A mother, dearly missing her departed daughter, is comforted by a host of insects.
Posted in , Sep 6, 2013
The insects live underwater, wondering what exists above. One brave bug offers to climb the lily pad and report back. He makes his way up the stalk, breaks the surface and feels the sun’s warmth. Suddenly his body is transformed into a beautiful four-winged creature—a dragonfly. After soaring through the air, he tries to return home but discovers he cannot dive beneath the water. He’s unable to tell anyone about the wonders of the world above…
The story wouldn’t leave my mind. I pulled my jacket tighter against the late-October breeze, hurrying from my office to the drugstore, where I intended to buy a card. Occasionally I glanced up into the clear blue sky for those shimmering wings.
It’s just a story, I thought. A parable about heaven in a book that a friend had put in my hands after my daughter’s funeral, four months earlier.
Kari was only 27 years old when she died in an ATV accident. She occupied my every waking thought. All it took was a simple “How are you?” from a coworker and I was lost. Or the sight of gerbera daisies, her favorite. Whenever the phone rang early in the morning, I remembered Kari, who always called me on her way to work. “Sunshine walking through the door” was how a friend described her, and that was spot on. When she died, the darkness took over.
I tried to remember every detail about her. The way her shoulders shook when she broke into that infectious laughter. The faint cherry blossom scent of her body lotion—sometimes I used it just to feel closer to her. In the middle of the night, exhausted but unable to sleep, I sought refuge in my sewing room, stitching bib after bib for my grandkids, just as I had made pink dresses for Kari when she was little.
Take care of me, God, I prayed as I sewed. I’m hurting so bad.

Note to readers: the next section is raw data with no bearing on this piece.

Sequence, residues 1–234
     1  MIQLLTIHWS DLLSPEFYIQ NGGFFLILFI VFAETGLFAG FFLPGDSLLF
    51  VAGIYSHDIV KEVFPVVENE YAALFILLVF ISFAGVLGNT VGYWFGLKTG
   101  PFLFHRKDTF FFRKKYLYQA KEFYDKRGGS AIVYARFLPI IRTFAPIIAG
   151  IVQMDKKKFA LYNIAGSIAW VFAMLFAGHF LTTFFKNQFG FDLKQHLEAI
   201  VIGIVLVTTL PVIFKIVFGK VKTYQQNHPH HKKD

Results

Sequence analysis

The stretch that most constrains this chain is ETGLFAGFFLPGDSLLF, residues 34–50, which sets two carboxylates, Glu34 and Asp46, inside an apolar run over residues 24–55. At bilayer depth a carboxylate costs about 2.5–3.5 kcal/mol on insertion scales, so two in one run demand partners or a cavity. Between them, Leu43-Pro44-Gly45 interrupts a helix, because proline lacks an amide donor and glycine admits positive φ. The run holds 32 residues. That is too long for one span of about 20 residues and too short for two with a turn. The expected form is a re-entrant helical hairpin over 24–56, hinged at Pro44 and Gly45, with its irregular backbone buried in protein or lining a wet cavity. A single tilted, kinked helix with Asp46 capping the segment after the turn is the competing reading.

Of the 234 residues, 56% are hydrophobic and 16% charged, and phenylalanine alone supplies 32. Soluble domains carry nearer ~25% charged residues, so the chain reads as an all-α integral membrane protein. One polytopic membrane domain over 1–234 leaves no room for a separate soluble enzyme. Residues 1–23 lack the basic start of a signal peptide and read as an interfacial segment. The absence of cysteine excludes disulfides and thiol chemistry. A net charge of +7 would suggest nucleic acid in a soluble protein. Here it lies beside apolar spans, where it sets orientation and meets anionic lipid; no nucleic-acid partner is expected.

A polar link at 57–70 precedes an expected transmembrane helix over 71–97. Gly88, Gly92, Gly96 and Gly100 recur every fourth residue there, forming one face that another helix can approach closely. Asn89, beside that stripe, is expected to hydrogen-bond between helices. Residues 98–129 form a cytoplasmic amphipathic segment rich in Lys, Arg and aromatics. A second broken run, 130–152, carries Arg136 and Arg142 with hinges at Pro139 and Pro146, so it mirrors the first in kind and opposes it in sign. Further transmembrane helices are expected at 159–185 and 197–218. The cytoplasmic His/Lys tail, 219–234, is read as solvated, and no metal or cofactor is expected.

Rounding the corner to the drugstore, I thought of the dragonfly pin Kari always wore on her winter coat. Gold with tiny amber rhinestones that twinkled in the light. Maybe that pin was one of the reasons the story stayed with me.
A few weeks after the funeral, Kari’s husband, Donnie, came to visit. We’d put on forced smiles and tried to say the right things without losing it. We took a pontoon boat out on the lake, the lapping of the water filling the gaps in our conversation. Then I looked over at Donnie and gasped. A dragonfly with delicate blue wings was hovering just above his shoulder.
All summer long, I saw dragonflies wherever I went, not just by the lake. In my backyard, a dragonfly landed lightly on my wrist. A swarm of dragonflies even surrounded my car on my drive home from work one evening. With every sighting of those slender bodies darting through the air, I felt as if God had poked a needle through the darkness, letting Kari’s light shine through.
Now it had been weeks since I’d seen one. Dragonflies couldn’t survive the harsh Minnesota winter. The darkness returned.
“Think of the good times,” everyone kept telling me. “She wouldn’t want to see you so sad.” But how could I not be sad? I faced a gloomy winter—and the rest of my life—without my daughter.
I reached the drugstore and opened the door. A little bell chimed. The cashier glanced in my direction. That’s when I froze, unable to take another step.
Everywhere I looked—the aisles, the displays, the discount bins and the card racks—translucent wings glimmered in the store’s fluorescent light. On wind chimes and garden stakes. On trinkets and souvenirs. On merchandise tagged for sale with one common theme: dragonflies.
“A late shipment of summer items,” the cashier said.
They weren’t late for me. The timing was perfect.
I felt myself emerging then, slowly breaking free. Out of the muddy waters below. Finally able to catch a clear glimpse of the sky above, where dragonflies go.
Did you enjoy this story? Subscribe to Mysterious Ways magazine.